All the keys to the main UX methods for the post-pandemic market

The user or customer experience is no longer an abstract and generalist concept but a broad and complex discipline. It has now become necessary to create new tools and renew methodologies to adapt to market needs and explore new forms of interaction, beyond the ideal contexts of use.

In this sense, the pandemic has accelerated and forced companies to offer key user experiences when acquiring or consuming a certain product or service. Vector ITC, an international technology and digital group, has published a complete guide with the seven main methodologies and 38 tools for creating solutions from the perspective of design principles, based on its User Experience & Research projects.

To create new products or services it is necessary to follow a working methodology and a creation process. In its beginnings, the user experience (UX) was wrapped up in cognitive theory and universal principles, but it was also surrounded, as is always the case with creative and innovation processes, by uncertainty.

Today, there are many UX methodologies, some older and others newer, but all valid and the choice of which one to use for the development of a project will depend on the team, the company or client for which it is being carried out and the project itself. Next, we will briefly develop the best known ones:

  • Design Thinking: is an approach to problem analysis and resolution, which chooses between the best of the possible solutions, and applies a divergent approach that makes the process more collaborative, open and participatory. It consists of five stages: empathy, definition, ideation, prototyping and testing. It is used to design solutions focused on the client, and on their needs, which reformulate key aspects of the business.
  • Lean UX: helps in the creation or improvement of a project, having at its centre the satisfaction of the user’s needs in a fast and efficient way. Its final objective is to achieve a minimum viable product that provides value to users. The use of Lean UX reduces production times, and reduces the risk of failure of a product, as well as making that failure cheaper. The philosophy is to fail the sooner the better.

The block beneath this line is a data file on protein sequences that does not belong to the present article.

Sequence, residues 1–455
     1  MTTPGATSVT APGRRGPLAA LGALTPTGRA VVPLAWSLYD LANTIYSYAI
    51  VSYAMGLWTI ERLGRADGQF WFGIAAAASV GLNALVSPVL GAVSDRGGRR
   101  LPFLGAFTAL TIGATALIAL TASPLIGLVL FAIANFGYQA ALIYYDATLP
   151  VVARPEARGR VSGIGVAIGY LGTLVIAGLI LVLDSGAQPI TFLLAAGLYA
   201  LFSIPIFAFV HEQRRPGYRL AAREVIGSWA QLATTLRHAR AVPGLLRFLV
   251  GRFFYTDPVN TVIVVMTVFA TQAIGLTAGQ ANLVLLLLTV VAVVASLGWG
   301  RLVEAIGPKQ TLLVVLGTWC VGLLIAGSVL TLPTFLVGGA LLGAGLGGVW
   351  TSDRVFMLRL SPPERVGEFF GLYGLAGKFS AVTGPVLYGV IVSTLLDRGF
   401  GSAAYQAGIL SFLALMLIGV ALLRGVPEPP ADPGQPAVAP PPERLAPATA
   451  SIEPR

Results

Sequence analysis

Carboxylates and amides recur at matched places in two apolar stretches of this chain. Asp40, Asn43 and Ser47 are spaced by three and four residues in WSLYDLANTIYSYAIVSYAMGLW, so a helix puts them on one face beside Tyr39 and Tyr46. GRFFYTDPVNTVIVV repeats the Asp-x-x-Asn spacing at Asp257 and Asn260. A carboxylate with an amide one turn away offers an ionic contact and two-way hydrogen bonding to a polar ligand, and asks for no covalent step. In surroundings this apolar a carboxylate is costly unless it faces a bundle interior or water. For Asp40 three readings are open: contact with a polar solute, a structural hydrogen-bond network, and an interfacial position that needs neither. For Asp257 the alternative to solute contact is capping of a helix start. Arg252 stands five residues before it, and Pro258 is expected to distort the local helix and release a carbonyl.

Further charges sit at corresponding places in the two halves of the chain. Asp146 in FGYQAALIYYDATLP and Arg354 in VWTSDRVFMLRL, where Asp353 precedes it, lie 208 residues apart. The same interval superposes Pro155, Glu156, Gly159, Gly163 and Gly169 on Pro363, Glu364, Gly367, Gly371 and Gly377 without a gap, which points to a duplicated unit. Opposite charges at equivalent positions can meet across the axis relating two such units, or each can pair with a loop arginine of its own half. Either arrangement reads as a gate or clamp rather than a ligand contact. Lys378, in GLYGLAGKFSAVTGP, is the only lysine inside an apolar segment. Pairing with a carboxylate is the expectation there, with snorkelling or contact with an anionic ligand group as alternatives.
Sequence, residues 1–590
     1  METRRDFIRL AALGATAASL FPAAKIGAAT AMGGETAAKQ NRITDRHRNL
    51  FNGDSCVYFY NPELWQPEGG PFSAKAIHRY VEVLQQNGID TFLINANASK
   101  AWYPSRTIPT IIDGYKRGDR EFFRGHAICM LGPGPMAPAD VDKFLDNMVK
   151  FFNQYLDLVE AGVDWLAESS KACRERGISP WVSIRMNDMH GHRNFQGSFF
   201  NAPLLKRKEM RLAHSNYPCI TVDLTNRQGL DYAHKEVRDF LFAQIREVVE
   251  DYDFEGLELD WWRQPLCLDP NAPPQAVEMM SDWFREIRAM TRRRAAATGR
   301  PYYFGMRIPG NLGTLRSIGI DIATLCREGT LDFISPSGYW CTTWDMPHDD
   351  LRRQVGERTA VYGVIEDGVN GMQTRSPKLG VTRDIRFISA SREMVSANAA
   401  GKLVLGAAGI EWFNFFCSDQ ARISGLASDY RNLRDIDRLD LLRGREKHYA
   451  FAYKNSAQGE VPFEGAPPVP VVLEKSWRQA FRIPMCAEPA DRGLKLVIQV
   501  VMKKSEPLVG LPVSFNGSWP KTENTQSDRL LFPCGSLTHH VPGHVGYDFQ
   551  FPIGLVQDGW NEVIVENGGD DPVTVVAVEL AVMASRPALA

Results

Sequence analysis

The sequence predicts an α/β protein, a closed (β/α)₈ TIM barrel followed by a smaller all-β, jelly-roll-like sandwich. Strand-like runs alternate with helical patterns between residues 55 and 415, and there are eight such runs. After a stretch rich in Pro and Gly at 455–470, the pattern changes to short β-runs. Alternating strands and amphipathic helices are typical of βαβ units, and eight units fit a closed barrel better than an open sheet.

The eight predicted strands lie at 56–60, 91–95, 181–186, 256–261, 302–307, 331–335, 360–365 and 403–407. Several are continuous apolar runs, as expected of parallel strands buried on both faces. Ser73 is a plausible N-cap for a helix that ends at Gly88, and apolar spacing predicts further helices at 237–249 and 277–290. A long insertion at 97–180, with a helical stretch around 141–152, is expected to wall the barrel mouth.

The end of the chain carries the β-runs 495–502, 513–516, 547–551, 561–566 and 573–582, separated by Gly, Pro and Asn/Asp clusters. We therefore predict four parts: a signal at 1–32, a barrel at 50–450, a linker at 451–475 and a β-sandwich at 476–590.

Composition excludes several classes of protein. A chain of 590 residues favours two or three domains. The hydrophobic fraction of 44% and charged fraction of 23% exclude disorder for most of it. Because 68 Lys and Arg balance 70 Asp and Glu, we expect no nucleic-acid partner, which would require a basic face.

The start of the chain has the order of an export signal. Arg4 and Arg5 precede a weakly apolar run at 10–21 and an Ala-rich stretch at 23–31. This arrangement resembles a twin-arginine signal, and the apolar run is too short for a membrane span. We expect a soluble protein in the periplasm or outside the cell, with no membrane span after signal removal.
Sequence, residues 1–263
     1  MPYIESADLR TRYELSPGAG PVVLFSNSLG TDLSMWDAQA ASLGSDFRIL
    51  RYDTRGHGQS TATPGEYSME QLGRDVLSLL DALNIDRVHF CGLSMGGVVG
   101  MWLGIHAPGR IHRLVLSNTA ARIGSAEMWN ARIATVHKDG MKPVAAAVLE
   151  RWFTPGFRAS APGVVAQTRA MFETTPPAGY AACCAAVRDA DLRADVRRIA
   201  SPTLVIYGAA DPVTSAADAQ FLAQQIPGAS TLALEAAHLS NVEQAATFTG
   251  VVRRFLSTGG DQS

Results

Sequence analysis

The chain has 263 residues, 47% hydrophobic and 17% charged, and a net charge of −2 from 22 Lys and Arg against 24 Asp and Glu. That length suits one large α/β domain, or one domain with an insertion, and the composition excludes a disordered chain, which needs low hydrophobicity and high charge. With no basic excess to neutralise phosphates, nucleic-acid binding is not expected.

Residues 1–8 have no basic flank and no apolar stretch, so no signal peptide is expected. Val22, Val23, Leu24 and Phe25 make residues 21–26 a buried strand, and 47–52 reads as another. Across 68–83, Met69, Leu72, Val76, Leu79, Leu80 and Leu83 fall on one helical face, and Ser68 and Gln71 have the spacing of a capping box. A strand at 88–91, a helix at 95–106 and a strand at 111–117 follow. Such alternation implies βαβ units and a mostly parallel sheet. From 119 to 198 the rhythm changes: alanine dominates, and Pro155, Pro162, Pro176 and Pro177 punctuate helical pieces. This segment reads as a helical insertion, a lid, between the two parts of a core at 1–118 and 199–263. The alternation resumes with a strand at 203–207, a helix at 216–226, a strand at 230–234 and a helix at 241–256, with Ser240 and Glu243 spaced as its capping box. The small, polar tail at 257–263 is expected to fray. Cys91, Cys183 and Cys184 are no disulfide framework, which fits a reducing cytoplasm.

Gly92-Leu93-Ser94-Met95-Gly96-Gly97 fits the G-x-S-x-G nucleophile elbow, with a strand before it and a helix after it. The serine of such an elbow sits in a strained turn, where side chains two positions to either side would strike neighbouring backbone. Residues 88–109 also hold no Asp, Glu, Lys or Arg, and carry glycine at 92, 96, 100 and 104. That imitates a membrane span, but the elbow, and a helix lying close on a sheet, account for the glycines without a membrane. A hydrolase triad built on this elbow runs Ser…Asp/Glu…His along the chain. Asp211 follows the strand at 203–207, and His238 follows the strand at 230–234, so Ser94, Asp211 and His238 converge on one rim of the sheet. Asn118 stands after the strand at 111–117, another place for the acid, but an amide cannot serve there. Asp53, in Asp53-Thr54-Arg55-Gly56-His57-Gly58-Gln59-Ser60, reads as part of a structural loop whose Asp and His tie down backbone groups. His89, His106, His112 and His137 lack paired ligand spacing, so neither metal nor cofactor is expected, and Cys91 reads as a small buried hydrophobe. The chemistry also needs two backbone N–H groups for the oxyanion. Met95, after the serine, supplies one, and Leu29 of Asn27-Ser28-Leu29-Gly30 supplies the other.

• Google Design Sprint: developed by Google Ventures for the design of products, it tries to improve all those methodologies that try to give quick answers. Therefore, its cornerstone is Design Thinking, but it takes into account Lean Design and Scrum to create a process that only lasts a week. It is used both at the beginning of a project to define the product, and when you are in a moment of despair.
  • UX Dual Track: consists of the merger of Design Sprint from Google Ventures and LeanUX from Jeff Gothelf. Both propose to eliminate the waste of time and money on ideas that do not work, and promote the validation of these, giving much importance to iteration. It seeks to get the best out of both approaches: constant interaction and the research process.
  • Deep DT by Mary Cantwell: created by Professor Mary Cantwell, DEEPdt is a non-linear process where it is important not to hesitate to go back to the beginning, discard the solution or repeat, whenever necessary. This methodology is user-centred. They are the ones who define the problem and guide you to the solution. The most important aspect of DEEPdt is bending and opening your mind to the needs of others.
  • Double Diamond: this design tool seeks to optimise processes and make them simpler. In addition, it offers a visual representation of the design process, regardless of the techniques and tools used. Double Diamond is divided into four phases: discover, define, develop and deliver. It seeks to optimise processes and make them simpler. It is presented as a tool for managing any type of problem.
  • HCD by IDEO: It is a creative approach to problem solving that starts with people and ends with innovative solutions that are adapted to their needs, focusing on feelings and emotions. At IDEO they believe that the key to discovering what humans really want lies in doing two things: observing the user’s behaviour and putting yourself in the end-user’s situation. It starts from the premise that providing innovative design solutions can generate changes in society.

“User experience management and the interaction that this has with digital products has become indispensable, as well as merging Business and Consumer in any creative process”, says Aldara Sánchez González, UX Manager at Vector ITC.

For more information on the subject, download our guide at the following link (content in spanish).